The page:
FIG. 20 is a flowchart showing the steps used by the nodes to retrieve the most up-to-date copy of the data structures that are available. Here, a node is retrieving the merged bitmap files stored by the backend server as shown in FIG. 19. Node retrieval processing commences at 2000 whereupon, at step 2010, the node copies the files corresponding to the selected category from an area (e.g., from a directory such as “line”) in global repository 1425. These files are stored in the node's local storage 1400, such as a nonvolatile storage device accessible from the node as merged bitmaps 2030 with the same hash result filenames as found in global repository 1425. At step 2015, the first (newest) file is selected from the group of merged bitmaps. At step 2035, the same hash function that was used by the backend server when storing the merged bitmaps is used on the contents of the file generating hash result 2040. At step 2045, hash result 2040 is compared to the hash result encoded in the merged bitmap filename. A determination is made as to whether hash result 2040 is the same as (equal to) the hash result encoded in the merged bitmap filename (decision 2050). If hash result 2040 is not the same as the hash result encoded in the filename, then decision 2050 branches to “no” branch 2055 which loops back to select the next newest merged bitmap file, perform the hash function on the newly selected file, and compare the hash result to the expected hash result. This looping is performed until hash result 2040 matches the expected hash result encoded in the merged bitmap's filename, at which point decision 2050 branches to “yes” branch 2060 whereupon this merged bitmap file is the one used by the node. Processing then returns to the calling routine (see FIG. 18) at 2095.

FIG. 21 is a flowchart showing the steps taken by a node to analyze a test case. This processing is performed by the nodes and is called from predefined process 1820 in FIG. 18. Returning to FIG. 21, node processing to analyze a completed test case commences at 2100 whereupon a determination is made as to whether the category currently selected (see FIG. 18) was computed with this test case (decision 2110). If the selected category was computed with this test case, then decision 2110 branches to “yes” branch 2115 whereupon, at predefined process 2120, the category is processed (see FIG. 22 and corresponding text for details regarding how the node processes the category). On the other hand, if the selected category was not computed with this test case, then decision 2110 branches to “no” branch 2125 whereupon, at step 2130, the category is not processed which is equivalent to deleting category on the fly while still maintaining integrity of the coverage data including autograded regression. A determination is made as to whether the send_packet flag has been set to TRUE (decision 2140). If the send_packet flag has been set to TRUE, then decision 2140 branches to “yes” branch 2145 whereupon, at step 2150, the global packets sent counter is set to one (1). On the other hand, if the send_packet flag is FALSE, then decision 2140 branches to “no” branch 2155 bypassing step 2150. Processing then returns to the calling routine (see FIG. 18) at 2195.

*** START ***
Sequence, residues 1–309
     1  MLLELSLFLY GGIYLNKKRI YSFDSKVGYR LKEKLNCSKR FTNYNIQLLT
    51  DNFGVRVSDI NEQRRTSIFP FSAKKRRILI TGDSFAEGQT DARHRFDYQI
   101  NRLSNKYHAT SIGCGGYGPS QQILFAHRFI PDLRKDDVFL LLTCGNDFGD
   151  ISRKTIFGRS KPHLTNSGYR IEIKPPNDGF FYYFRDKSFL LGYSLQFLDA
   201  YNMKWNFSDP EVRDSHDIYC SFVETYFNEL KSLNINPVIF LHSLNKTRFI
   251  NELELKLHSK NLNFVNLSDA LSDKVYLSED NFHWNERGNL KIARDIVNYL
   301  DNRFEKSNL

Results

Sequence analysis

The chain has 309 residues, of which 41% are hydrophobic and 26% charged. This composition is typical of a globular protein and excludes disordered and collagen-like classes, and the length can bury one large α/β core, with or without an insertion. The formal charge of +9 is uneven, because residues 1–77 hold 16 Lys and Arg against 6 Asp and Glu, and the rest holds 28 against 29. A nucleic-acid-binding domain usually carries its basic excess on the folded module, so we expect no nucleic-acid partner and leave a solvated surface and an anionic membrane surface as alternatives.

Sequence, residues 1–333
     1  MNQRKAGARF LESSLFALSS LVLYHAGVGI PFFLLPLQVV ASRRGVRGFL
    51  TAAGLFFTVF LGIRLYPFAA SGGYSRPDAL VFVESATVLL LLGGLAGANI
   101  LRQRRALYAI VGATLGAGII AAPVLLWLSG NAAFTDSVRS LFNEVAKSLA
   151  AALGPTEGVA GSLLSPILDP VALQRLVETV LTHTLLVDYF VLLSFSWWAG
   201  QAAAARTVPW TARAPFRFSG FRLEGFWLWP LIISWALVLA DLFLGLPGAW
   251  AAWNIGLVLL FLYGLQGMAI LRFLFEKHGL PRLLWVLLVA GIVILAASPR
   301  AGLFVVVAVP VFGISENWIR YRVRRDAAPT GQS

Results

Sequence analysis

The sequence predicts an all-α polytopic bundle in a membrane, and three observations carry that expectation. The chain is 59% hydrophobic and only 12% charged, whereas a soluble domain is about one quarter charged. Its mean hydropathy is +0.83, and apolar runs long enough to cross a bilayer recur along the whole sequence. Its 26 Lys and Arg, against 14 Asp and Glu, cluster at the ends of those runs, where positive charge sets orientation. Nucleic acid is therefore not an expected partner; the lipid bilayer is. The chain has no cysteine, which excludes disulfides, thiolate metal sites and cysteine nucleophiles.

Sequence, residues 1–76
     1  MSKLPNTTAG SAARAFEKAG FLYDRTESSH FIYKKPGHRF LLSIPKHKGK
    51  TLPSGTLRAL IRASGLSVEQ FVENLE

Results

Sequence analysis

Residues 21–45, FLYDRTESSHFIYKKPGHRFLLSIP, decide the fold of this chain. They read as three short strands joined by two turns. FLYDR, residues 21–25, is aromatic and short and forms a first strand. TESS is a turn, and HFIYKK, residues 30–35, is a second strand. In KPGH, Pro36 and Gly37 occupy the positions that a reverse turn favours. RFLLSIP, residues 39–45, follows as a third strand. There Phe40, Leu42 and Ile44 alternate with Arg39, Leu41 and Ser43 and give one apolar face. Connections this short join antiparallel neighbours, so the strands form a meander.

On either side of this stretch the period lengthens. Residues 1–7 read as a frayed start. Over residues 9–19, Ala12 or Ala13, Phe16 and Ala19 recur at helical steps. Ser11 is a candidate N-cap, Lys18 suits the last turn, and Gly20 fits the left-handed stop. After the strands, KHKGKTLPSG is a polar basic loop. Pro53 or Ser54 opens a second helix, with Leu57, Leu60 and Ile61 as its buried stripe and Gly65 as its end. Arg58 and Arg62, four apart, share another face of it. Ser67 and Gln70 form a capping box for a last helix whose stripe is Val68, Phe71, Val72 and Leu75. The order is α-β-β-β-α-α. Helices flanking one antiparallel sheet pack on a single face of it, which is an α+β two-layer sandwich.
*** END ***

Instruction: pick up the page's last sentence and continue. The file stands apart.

FIG. 22 is a flowchart showing the steps taken by a node to process a category. This routine is called from predefined process 2120 shown in FIG. 21. Returning to FIG. 22, node processing of a category commences at 2200 whereupon the node determines whether a dictionary currently exists in the global repository for this category (decision 2205). If the dictionary already exists for this category in the global repository, then decision 2205 branches to “yes” branch 2208 whereupon, at step 2210, the bitmap is checked for this category and this testcase. At predefined process 2215, a check is made for any_new_bit (see FIG. 25 and corresponding text for details regarding the check that the node makes for any new bit). Returning to decision 2205, if the dictionary for this category does not currently exist in the global repository, then decision 2205 branches to “no” branch 2218 whereupon, at step 2220, the add_category flag is set to TRUE and the any_new_bit flag is also set to TRUE. At step 2230, the global categories present (GPP) counter is incremented. At step 2240, the global categories present counter for this category is set to one (1). A determination is made as to whether the any_new_bit flag has been set to TRUE (decision 2250). If the any_new_bit flag has been set to true, then decision 2250 branches to “yes” branch 2255 whereupon, at step 2260, the send_packet flag is set to TRUE, at step 2265 the global categories sent (GCS) counter is incremented, at step 2270 the global categories sent for this category counter is set to one (1), and at step 2275 the category is kept. Processing then returns to the calling routine (see FIG. 21) at 2295. Returning to decision 2250, if the any_new_bit flag is FALSE, then decision 2250 branches to “no” branch 2285 whereupon, at step 2290, the category is discarded and processing then returns to the calling routine (see FIG. 21) at 2295.